Lockdown lifestyles: A mixed methods study exploring the impact of COVID-19 prevention measures on diet, physical activity and mental health in the UK adult population

Research output: Contribution to conferencePaper

Abstract

Background: The social lockdown measures implemented in the UK from March 2020 in response to the COVID-19 pandemic had the potential to influence people’s health-related behaviours. This mixed methods study explored the impact of these lockdown measures on diet, physical activity and mental health in the UK adult population.
Methods: During May and June 2020, UK adults were invited to complete an online survey about their experiences of lockdown, including self-reported measures of physical activity, diet and mental health. Survey participants were also invited to take part in a telephone interview to explore their experiences in greater depth. Descriptive analysis of survey results was conducted in STATA; thematic framework analysis of interview data was conducted in NVivo.
Results: 636 people completed the survey and 40 were interviewed. Equal numbers of survey respondents reported worsened (34%) and improved (34%) physical activity. Slightly more reported worsened (23%) than improved (19%) diet. Substantially more reported worsened (34%) than improved (8%) mental health. Key preliminary themes from the interviews include: impact of changed circumstances; anxiety for self and others; coping strategies; and unexpected positives of lockdown. The change in routine and environment enabled some participants to make healthy changes to their physical activity and diet (e.g. time previously spent commuting could now be spent exercising). However, others felt a loss of purpose due to the changes in circumstances and socialising, which impacted on their mental wellbeing and motivation for healthy behaviours.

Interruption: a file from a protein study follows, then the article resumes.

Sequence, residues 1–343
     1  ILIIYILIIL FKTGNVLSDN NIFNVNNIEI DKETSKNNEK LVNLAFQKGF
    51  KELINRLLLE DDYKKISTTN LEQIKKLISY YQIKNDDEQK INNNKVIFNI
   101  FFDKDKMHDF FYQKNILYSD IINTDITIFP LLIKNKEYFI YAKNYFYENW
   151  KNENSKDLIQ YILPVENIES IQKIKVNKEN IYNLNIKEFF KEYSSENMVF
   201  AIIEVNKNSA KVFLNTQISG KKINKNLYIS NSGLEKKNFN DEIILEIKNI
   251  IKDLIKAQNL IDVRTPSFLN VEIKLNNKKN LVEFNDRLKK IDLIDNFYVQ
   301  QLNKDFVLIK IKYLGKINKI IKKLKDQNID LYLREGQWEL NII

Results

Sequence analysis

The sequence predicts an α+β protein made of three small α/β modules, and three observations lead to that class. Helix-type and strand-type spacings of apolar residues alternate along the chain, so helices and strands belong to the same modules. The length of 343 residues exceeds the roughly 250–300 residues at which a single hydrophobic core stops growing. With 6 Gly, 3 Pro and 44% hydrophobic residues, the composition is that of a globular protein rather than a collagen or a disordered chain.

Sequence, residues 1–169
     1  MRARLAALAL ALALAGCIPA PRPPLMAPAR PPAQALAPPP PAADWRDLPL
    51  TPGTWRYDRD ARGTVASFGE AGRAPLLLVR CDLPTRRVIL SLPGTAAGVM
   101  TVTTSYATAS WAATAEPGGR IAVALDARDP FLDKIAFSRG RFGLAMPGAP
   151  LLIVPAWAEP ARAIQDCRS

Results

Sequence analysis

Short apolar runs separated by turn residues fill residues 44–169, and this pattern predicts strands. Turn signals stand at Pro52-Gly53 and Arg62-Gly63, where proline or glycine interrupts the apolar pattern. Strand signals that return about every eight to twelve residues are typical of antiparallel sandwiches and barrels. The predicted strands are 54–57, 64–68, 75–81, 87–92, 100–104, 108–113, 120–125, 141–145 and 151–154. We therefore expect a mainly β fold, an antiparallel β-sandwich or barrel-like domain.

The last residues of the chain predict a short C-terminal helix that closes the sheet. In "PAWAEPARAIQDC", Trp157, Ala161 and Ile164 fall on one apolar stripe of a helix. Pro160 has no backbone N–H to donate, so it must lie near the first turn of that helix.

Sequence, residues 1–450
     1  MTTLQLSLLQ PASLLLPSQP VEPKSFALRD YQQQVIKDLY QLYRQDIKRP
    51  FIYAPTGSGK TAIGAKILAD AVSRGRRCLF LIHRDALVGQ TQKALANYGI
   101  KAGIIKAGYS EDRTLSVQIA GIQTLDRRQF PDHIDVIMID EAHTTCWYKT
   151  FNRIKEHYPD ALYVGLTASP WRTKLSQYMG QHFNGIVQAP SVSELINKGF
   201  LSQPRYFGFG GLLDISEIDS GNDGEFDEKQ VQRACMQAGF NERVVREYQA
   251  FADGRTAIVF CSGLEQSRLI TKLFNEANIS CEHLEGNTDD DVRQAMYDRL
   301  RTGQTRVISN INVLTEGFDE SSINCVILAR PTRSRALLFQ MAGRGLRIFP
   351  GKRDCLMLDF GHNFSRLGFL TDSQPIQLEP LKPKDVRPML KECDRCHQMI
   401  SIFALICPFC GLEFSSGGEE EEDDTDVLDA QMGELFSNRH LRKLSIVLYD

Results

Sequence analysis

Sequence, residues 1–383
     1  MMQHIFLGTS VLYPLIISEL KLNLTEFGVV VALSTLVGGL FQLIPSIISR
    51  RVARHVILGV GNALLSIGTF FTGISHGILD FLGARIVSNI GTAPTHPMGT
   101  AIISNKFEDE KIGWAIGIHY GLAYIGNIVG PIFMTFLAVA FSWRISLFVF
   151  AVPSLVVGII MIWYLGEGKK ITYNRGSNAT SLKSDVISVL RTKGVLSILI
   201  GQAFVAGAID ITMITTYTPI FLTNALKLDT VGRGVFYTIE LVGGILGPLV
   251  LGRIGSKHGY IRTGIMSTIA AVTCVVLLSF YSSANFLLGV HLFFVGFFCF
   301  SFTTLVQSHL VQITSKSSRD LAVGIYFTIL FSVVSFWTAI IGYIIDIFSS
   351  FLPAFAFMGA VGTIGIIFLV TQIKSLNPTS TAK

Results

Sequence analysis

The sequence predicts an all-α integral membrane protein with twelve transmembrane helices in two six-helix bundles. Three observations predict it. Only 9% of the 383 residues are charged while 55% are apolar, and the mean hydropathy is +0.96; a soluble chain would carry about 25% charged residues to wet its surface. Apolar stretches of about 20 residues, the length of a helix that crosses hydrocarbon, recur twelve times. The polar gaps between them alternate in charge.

Conclusions and implications: The social lockdown measures have differentially affected the UK adult population. In responding to pandemics, it is important to consider the impacts on people’s physical activity, diet and mental health, and support those likely to be negatively affected.
Original languageEnglish
Publication statusAcceptance date - 8 Dec 2020
EventAnnual General Meeting of the UK Society of Behavioural Medicine -
Duration: 13 Jan 202114 Jan 2021

Conference

ConferenceAnnual General Meeting of the UK Society of Behavioural Medicine
Period13/01/2114/01/21

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